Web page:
Remember, our prayer life is the best form of service. We live to serve and cannot defraud those around us. I am sure Blessed Mother Theresa, St. Pio, and St. Josemaria would agree with me. We can and should pray while we work, but we must have substantial "face time" with Our Lord and His friends. After all, we spend this life "seeking His face...seeing through glass darkly" until He calls us to the definitive and permanent encounter with Him. I have never met any person who was faithful to his daily time of mental prayer who complained that he had lost time or was wasting energy. On the contrary, a person who takes the time, whether it is fifteen minutes or an hour, to spend time with Our Lord, always comes back saying that his time has been multiplied, as Our Lord did with those fishes and loaves of bread.
What do we pray about? We know to Whom we pray. We address Him as we will, or are moved, to the Father, Son, or Holy Spirit, although normally we will pray to Jesus as the Way to the Father, moved by the Holy Spirit. Remember, the Lord does converse with us. He is listening and will respond when and how he wants, although not necessarily during the time of prayer itself. We should try always to prepare material for our time of prayer. We may choose to dedicate our time to one theme or to several. As children of God, we should pray as we like. From time to time, even though we have prepared for our time of prayer, we may find that we put that plan aside and simply contemplate our Lord. Or perhaps the Holy Spirit will suggest other paths to follow. We may unburden ourselves of a current problem or difficulty, or share a great joy that has come into our life. In any case, some of the four aspects of prayer Adoration, Contrition, Thanksgiving, and Supplication (ACTS) will likely come into play. As Saint Josemaria Escriva, a great man of prayer and teacher of prayer put it in The Way, "You wrote to me: 'to pray is to talk with God. But about what?' About what? About him, about yourself: joys, sorrows, successes, and failures, great ambitions, daily worries even your weaknesses! And acts of thanksgiving and petitions and love and reparation. In short, to get to know him and yourself 'to get acquainted.'" (no. 91).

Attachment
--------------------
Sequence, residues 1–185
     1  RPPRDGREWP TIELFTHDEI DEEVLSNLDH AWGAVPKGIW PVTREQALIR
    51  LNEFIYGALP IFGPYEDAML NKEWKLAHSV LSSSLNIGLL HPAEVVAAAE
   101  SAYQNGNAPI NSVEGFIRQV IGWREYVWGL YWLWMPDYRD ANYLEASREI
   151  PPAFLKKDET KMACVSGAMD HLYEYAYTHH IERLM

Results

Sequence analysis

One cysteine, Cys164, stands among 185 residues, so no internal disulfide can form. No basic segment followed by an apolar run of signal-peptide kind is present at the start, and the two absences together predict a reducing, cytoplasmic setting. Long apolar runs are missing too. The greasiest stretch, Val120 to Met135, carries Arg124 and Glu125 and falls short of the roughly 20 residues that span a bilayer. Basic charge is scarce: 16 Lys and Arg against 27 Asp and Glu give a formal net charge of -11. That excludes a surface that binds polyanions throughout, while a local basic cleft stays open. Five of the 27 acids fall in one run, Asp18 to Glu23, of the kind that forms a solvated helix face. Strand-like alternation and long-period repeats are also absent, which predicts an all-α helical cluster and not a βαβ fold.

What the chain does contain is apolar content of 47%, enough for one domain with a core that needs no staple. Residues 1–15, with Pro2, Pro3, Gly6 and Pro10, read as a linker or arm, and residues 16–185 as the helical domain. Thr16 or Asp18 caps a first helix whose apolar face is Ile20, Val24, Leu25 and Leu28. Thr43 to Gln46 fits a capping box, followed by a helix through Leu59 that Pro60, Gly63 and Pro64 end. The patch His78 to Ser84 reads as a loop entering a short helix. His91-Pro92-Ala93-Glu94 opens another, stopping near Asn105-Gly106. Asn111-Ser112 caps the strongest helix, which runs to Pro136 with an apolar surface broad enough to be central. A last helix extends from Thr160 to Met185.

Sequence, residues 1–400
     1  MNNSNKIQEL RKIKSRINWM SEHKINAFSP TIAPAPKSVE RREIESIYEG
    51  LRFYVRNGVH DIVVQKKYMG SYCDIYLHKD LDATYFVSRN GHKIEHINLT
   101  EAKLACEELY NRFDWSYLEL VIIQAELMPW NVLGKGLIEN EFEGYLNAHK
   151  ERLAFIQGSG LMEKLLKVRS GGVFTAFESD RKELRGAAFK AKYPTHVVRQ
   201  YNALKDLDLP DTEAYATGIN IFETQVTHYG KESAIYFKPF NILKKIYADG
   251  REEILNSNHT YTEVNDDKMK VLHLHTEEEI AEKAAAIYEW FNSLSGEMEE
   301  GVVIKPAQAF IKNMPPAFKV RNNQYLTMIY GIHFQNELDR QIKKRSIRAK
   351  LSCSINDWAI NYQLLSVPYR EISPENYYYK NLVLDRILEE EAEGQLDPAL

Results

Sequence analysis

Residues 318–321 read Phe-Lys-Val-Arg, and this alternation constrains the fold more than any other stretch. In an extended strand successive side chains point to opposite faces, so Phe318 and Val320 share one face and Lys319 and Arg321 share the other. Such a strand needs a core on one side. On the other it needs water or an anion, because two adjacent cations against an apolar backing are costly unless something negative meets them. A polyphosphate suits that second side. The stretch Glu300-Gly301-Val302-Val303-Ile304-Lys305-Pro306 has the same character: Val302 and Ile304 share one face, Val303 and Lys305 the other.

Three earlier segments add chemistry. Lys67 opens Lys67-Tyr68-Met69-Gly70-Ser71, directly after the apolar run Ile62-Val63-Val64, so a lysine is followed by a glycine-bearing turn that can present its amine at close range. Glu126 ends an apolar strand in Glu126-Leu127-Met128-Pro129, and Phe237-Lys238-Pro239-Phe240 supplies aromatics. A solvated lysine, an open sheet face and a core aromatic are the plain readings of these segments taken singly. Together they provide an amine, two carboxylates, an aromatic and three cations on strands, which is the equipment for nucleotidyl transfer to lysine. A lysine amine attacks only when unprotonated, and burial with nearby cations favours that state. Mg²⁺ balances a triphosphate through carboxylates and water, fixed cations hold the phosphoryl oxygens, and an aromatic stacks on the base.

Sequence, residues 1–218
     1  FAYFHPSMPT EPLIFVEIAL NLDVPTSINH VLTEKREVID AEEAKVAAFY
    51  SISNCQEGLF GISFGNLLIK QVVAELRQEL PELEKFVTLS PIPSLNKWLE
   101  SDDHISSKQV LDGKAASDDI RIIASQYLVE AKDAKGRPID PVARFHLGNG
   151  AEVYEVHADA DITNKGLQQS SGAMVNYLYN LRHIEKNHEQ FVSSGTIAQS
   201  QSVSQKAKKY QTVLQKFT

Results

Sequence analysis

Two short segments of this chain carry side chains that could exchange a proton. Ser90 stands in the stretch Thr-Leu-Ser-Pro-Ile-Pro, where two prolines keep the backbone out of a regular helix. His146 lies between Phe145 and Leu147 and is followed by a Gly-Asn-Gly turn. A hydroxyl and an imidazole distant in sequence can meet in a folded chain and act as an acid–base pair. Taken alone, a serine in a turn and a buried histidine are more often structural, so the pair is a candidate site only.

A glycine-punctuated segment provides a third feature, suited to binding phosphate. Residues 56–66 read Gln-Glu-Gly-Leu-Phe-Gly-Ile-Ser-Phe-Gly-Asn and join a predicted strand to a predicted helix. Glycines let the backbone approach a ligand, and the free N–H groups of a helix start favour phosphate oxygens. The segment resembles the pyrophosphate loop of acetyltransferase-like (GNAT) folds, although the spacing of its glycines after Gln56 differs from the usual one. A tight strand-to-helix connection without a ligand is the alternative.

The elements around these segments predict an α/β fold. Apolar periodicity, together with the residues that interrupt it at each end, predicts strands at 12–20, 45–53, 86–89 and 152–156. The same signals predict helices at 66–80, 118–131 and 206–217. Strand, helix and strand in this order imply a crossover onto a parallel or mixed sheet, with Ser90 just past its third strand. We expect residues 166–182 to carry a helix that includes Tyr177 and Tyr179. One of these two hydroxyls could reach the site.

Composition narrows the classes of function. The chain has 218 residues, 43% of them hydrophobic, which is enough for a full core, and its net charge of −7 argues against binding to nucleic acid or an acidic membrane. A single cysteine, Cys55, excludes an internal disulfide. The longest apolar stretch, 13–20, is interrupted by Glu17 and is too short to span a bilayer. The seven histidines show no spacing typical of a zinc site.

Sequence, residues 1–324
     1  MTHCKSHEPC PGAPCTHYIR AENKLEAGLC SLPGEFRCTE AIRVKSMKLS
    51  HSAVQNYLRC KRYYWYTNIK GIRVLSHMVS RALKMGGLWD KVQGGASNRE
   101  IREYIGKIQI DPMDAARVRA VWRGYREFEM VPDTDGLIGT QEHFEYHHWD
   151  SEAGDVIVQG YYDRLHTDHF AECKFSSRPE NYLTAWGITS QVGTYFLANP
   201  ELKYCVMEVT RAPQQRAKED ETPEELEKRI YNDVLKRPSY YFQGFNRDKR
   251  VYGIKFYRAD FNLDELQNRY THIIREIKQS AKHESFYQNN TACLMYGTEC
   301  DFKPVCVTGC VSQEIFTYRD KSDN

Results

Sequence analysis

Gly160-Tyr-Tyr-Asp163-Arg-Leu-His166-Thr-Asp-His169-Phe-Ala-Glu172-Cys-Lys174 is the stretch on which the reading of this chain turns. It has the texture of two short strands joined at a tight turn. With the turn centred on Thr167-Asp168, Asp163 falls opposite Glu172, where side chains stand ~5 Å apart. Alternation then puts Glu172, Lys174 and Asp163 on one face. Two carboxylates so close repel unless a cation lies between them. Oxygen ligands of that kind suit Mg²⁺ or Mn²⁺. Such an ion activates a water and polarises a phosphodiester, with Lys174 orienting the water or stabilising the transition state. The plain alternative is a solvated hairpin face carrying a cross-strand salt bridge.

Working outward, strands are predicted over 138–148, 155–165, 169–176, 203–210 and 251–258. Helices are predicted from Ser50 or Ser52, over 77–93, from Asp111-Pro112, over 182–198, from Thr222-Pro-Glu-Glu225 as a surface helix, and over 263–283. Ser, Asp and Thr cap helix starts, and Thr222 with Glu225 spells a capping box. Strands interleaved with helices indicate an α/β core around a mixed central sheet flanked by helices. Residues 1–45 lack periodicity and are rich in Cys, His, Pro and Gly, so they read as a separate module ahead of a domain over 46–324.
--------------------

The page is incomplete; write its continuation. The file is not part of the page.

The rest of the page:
St. Teresa of Avila tells us that she never went to her time of silent prayer without carrying a book along with her. We should try to imitate her even though we may have no need of it on any given day. Some days we may find our prayer dry or full of distractions, internal or external, that threaten to overwhelm us. That is when we reach for that book for some written words of inspiration to help us to return to our conversation with God. There are thousands of books that may help us, but I would recommend having a few favorites that you can count on. The New Testament, the sacred liturgy, and the readings of the day are appropriate. The monthly Magnificat and the excellent seven-volume series In Conversation with God, with its commentaries on sacred Scripture drawn from the saints and spiritual authors, may also be helpful. There is always the spiritual classic, The Imitation of Christ by Thomas A Kempis, or the little books of points of meditation by St. Josemaria Escriva.